(As previously seen on the HelaWrite blog.)
I write EVERY SINGLE DAY. Even if it’s texting, I consider that a form of writing. Most of the time, however, I write at least an e-mail and blog post each day. Culturally, many of us have become lazy in regards to self-editing/proofreading what we write. In a world where our version of shorthand is “TTYL” or “U” for “You,” abbreviations are the gateway to lazy writing and lazy editing.
Let’s change that.
Since the age of 12, I’ve taken self-editing very seriously. I’m nowhere near perfect, but my “editing detective eyes” have become better and better as time has progressed. Taking your own communications seriously will prompt others to take you seriously, too. Trust me on this one.
I’ve created some resources to help you out with self-editing. These resources don’t replace another set of eyes (or a professional editor), but they will help immensely, especially if you’re helter skelter when it comes to your own writing.
This checklist is simple and straightforward:
1. Check spelling—don’t rely on spell check for everything, either!
2. Check grammar—ditto to the above ^
3. Proofread your article, e-mail, blog, etc. at least 3xs—don’t be lazy!
4. Review the context/meaning of your wording
-Did you use the right words? (See the common grammar mistakes info graphic below)
-Do you have misplaced/dangling modifiers? http://www.writingcentre.uottawa.ca/hypergrammar/msplmod.html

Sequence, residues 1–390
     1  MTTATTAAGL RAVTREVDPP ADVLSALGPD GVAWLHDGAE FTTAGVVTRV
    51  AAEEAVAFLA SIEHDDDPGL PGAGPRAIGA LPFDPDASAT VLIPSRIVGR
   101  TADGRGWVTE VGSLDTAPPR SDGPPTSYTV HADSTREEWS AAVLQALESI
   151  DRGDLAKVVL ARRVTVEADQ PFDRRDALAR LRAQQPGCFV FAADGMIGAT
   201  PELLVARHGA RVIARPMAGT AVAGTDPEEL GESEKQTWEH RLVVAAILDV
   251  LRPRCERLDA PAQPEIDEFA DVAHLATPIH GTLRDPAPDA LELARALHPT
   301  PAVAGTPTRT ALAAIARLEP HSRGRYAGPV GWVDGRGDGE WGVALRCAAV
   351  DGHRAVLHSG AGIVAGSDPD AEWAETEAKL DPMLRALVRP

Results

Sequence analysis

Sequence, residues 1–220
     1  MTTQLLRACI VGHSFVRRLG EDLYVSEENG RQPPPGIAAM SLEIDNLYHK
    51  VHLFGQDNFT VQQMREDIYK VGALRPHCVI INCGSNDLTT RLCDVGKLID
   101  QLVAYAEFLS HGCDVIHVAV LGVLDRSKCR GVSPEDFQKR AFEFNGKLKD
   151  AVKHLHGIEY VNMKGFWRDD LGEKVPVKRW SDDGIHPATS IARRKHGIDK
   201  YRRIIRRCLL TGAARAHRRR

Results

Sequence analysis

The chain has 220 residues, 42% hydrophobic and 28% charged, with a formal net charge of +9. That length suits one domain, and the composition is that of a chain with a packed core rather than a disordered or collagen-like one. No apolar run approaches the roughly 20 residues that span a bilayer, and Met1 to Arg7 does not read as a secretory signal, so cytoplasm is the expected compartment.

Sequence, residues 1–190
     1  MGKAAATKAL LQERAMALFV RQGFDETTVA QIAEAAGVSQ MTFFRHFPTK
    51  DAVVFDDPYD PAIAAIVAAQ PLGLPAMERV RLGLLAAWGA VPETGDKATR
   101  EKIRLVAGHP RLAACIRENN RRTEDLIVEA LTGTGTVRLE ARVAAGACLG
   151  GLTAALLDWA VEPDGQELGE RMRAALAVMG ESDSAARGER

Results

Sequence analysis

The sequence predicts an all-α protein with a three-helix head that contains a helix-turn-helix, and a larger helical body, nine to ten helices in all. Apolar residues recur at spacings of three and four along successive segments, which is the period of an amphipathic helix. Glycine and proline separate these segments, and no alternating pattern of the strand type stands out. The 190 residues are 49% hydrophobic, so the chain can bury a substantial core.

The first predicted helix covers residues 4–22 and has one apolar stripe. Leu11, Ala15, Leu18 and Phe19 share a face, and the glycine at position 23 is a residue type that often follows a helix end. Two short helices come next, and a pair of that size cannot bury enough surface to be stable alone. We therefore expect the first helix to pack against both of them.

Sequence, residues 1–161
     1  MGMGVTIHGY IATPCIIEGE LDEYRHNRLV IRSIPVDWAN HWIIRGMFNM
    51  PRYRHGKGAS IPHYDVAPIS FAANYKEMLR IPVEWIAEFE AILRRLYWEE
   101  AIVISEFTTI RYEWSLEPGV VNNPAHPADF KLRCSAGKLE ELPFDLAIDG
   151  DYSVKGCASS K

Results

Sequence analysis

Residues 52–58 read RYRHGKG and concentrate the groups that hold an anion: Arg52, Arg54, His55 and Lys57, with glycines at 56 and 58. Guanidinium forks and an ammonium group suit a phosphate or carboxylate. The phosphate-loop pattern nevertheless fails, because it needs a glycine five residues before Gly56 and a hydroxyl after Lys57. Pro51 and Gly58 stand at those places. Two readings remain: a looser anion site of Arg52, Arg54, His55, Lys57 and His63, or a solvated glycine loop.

-Is your message clear and concise?
-Did you cut/edit unnecessary wording?
5. Check your dates & times (if applicable)
6. Check your sources (if applicable)
7. Check your links (if applicable) NO ONE appreciates a broken/incorrect link
8. If you are sending an e-mail, double check your recipient list (and if it’s not an inter-office communication, best practice is to BCC recipients to protect privacy)
9. If working in a Word/Pages document, save often
You can find my checklist on Evernote (I’ve shared it publicly) by clicking HERE. Feel free to copy it to your own Evernote notebook so you can actually use the check boxes that are not shown in this post.
I’ve also made an infographic (my first!) about common grammar mistakes. Check it out by clicking HERE.
There are, of course, so many more elements to editing, but this is a great start. The resources here can definitely get you through your next e-mail or blog post. However, if you find yourself in need of a professional editor, well…you know where to find me. Happy editing!